In summary, many musicians today assume anything non-standard in classical music composed, or sounding like it was composed after 1900 is all modern and therefore cannot be played more than once at risk of sounding unbalanced. But playing the well-knowns, regardless of their geographic and chronological proximity is ok as long as they fit into pre-established categories.

Look at Mozart, Schubert and Chopin. Three composers. Fifty years and two countries between them. All tonal, with key signatures and everything. Nothing relatively dramatic in terms of musical differences except progressively more ‘romantic,’ ie; louder, longer and more chromaticism. But it’s a perfect balance, as is commonly testified in countless recital programs. And of course such a combination can be balanced – rather my point is that then saying over a hundred years of intensive and diverse musical development and global involvement fits all under the one category is purely hypocritical.

The rational judgement is missing.

“A series of musical works of harmonious or satisfying arrangement or proportion of parts or elements, as in a design.”

If a program works, it works.

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PianiStruck

Ahem.

I am going to go to Pianist Hell for the following blasphemy. (Pianist Hell is a place where one must repeatedly listen to Arthur Benjamin’s ‘Jamaican Rumba‘ in all it’s vapid forms and arrangements (Even youtube lists 140 results! The ending of this one is classic) while sitting on uncomfortable chairs amidst an overly enthusiastic audience of old ladies who keep saying ‘oh, isn’t that just love-a-ly?’)

Arthur 'I write music about places I've never been to' Benjamin. An 'Australian' 'Composer' who never went outdoors.

But I will go there specifically as I am going to review a performance of Martha Argerich playing the Schumann Piano Concerto and am NOT going to fawn. That sentence already has some music lovers sharpening their knives and/or souping up their effigies of me.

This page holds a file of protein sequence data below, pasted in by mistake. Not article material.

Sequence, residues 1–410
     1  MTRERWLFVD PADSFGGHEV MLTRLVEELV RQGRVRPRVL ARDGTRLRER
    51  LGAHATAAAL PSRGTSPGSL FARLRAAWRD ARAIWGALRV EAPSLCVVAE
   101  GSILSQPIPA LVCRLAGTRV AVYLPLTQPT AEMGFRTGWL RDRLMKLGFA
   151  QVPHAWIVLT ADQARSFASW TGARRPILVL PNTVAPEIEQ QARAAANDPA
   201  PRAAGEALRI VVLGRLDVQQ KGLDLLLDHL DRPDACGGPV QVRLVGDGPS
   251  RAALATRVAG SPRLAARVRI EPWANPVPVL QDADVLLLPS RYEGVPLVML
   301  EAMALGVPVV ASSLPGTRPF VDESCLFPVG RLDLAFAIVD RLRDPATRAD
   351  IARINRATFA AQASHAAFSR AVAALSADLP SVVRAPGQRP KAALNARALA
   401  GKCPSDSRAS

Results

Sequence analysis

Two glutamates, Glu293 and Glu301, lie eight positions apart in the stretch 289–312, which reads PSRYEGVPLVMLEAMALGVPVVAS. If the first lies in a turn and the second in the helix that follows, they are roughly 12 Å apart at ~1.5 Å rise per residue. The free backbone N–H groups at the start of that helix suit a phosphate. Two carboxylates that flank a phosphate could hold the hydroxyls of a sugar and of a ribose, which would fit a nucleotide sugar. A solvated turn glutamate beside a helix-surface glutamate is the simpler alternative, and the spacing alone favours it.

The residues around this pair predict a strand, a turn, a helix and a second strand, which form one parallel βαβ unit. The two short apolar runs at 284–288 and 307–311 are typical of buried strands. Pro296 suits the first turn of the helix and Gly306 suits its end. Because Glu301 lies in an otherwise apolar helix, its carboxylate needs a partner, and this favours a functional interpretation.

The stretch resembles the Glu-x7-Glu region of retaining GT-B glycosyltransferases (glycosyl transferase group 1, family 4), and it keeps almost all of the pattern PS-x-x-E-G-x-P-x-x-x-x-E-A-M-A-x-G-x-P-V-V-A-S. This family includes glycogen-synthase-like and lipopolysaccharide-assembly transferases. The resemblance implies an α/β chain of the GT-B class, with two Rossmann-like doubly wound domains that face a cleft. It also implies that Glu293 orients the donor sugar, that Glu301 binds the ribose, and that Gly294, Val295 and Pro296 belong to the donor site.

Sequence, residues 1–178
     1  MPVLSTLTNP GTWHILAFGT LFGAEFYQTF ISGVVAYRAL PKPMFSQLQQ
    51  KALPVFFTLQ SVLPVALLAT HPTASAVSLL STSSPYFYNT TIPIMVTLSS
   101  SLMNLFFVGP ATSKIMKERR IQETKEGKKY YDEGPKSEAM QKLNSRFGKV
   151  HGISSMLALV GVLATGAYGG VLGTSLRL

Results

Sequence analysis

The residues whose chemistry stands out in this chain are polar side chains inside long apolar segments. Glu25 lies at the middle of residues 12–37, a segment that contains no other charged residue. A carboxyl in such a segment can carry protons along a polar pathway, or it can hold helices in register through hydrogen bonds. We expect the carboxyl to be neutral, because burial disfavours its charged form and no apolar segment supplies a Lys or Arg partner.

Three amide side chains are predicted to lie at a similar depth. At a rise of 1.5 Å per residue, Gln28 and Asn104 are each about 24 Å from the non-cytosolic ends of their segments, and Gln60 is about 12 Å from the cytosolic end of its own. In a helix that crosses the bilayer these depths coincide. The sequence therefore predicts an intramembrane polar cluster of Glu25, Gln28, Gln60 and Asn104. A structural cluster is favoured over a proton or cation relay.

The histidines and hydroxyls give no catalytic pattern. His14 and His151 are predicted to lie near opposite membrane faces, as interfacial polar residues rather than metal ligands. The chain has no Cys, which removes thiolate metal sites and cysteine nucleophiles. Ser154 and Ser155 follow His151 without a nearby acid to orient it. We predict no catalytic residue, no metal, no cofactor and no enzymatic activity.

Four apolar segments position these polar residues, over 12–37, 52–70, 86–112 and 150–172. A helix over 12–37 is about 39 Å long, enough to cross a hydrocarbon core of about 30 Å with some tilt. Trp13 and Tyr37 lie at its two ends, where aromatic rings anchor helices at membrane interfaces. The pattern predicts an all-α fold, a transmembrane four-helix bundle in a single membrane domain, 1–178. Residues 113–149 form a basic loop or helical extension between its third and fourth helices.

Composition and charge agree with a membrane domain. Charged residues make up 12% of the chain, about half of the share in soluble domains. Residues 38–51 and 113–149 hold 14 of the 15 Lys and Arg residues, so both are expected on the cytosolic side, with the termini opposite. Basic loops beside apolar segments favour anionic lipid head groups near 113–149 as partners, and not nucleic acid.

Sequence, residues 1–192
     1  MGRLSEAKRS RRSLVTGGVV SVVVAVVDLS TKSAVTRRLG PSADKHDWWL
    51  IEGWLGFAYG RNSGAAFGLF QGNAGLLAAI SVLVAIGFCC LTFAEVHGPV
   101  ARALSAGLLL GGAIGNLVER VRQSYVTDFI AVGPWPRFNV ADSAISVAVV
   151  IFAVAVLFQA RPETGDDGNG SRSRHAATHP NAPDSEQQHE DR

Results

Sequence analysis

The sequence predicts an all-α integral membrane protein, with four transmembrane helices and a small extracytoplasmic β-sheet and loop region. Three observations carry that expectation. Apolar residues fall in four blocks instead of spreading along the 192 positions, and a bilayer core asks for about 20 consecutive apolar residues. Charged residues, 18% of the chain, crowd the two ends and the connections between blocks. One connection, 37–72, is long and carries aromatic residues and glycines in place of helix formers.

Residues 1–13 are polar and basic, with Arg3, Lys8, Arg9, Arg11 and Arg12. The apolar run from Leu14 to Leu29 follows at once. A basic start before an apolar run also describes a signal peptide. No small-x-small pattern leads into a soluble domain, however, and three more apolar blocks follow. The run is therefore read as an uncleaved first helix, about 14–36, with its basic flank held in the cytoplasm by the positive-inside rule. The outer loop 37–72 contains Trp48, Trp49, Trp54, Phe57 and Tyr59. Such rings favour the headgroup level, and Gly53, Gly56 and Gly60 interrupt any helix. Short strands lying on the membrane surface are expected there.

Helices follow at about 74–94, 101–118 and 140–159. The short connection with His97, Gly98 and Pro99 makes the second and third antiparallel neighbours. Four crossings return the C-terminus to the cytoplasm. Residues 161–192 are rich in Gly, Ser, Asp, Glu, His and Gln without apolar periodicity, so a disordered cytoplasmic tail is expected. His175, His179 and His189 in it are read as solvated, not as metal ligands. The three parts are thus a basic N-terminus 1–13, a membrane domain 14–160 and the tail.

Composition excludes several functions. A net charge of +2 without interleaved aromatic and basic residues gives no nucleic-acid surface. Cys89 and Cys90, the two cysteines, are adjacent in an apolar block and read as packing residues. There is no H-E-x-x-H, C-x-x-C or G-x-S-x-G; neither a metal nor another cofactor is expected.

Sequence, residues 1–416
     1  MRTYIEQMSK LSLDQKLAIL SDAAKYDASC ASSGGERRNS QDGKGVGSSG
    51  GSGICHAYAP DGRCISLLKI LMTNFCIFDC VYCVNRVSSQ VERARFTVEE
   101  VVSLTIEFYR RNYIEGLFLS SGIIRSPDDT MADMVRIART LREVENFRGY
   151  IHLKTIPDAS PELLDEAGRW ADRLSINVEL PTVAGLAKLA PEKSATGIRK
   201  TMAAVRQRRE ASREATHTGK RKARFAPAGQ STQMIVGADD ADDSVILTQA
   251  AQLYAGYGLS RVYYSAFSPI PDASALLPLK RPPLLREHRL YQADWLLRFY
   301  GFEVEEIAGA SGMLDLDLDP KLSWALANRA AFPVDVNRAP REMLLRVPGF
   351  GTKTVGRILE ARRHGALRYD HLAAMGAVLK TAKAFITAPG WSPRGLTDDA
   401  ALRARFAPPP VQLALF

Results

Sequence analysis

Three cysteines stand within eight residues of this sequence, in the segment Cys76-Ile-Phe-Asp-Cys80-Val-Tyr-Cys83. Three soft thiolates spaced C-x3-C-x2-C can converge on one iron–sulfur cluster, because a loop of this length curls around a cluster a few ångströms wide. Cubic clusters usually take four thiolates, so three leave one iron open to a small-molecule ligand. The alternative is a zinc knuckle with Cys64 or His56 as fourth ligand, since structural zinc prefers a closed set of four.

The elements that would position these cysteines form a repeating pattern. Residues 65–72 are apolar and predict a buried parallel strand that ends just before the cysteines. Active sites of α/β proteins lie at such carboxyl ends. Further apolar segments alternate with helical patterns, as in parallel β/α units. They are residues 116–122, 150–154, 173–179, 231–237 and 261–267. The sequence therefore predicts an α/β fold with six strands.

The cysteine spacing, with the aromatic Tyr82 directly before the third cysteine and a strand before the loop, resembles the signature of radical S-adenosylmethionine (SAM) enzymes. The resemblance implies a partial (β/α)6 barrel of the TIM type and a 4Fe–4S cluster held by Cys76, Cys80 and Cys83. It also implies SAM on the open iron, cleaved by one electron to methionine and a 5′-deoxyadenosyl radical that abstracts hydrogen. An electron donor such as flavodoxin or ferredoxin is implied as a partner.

Quite a good likeness.

In any case I was bound to approach Martha with a degree of caution. Although I have heard her recordings on a number of occasions, I am naturally wary of someone whose reputation far exceeds what I perceive it deserves to be. Not that I don’t think she is an excellent pianist, just that surely she is not the divine entity that quite a number of people I know insist she is.

Effectively that is the point of this post. Seeing beyond the worshipping for what the music really is on a case by case basis. Not forming an opinion before even hearing it. Using key-word cliches et al *shudder.* And of course this applies not just to Argerich and not just to performance, but composers and various other traditions as well, but I will deal with that later.

So I listened to the concerto. Both out of curiosity and as I’m currently relearning it. Overall it was very good, but technically nothing countless pianists have not achieved over the years: it’s not the most virtuosic piece in the repertoire. Good communication and sensitive control on Argerich’s part, (I admit I had expected her to vamp it up quasi-Rachmaninoff and was pleased she didn’t) but the Gewandhaus Orchestra was a lot on the insipid side. Rank and file playing the dots and what not.

Passion sold separately.

The main issue I had with the performance was Argerich’s lack of enthusiasm. Despite playing it all these years I felt it was more like she was visiting some older relatives who only want to discuss their yearly rainfall, rather than exploring the nature of the piece. Maybe viewing it as the uniting medium that it was for Robert and Clara Schumann, and experiencing that same passionate love. Or with an introspective intensity and nervousness typical of Schumann’s music. Or even the uncharacteristic extroversion shining through at times. It demands ’emotional virtuosity’ someone once told me. We instead received technical and musical competence. bravo with a small B and no exclamation mark.

In this piece it seemed more like it was ‘just another performance’ by someone who has played it too many times and though it was good in the usual sense, it was unsatisfying in another. Substitute any proficient recording market it as Argerich and no-one would be any the wiser. But lo, that wouldn’t stop the fawning. I am completely certain that the intangible magic and uniqueness of her playing would still be found there in an ‘Emperor’s New Clothes’ fashion until it turns out it was not her playing. Hmmm. Now there’s an interesting experiment! In fact that’s what prompted this post. The scores of inane comments. Some of the gems: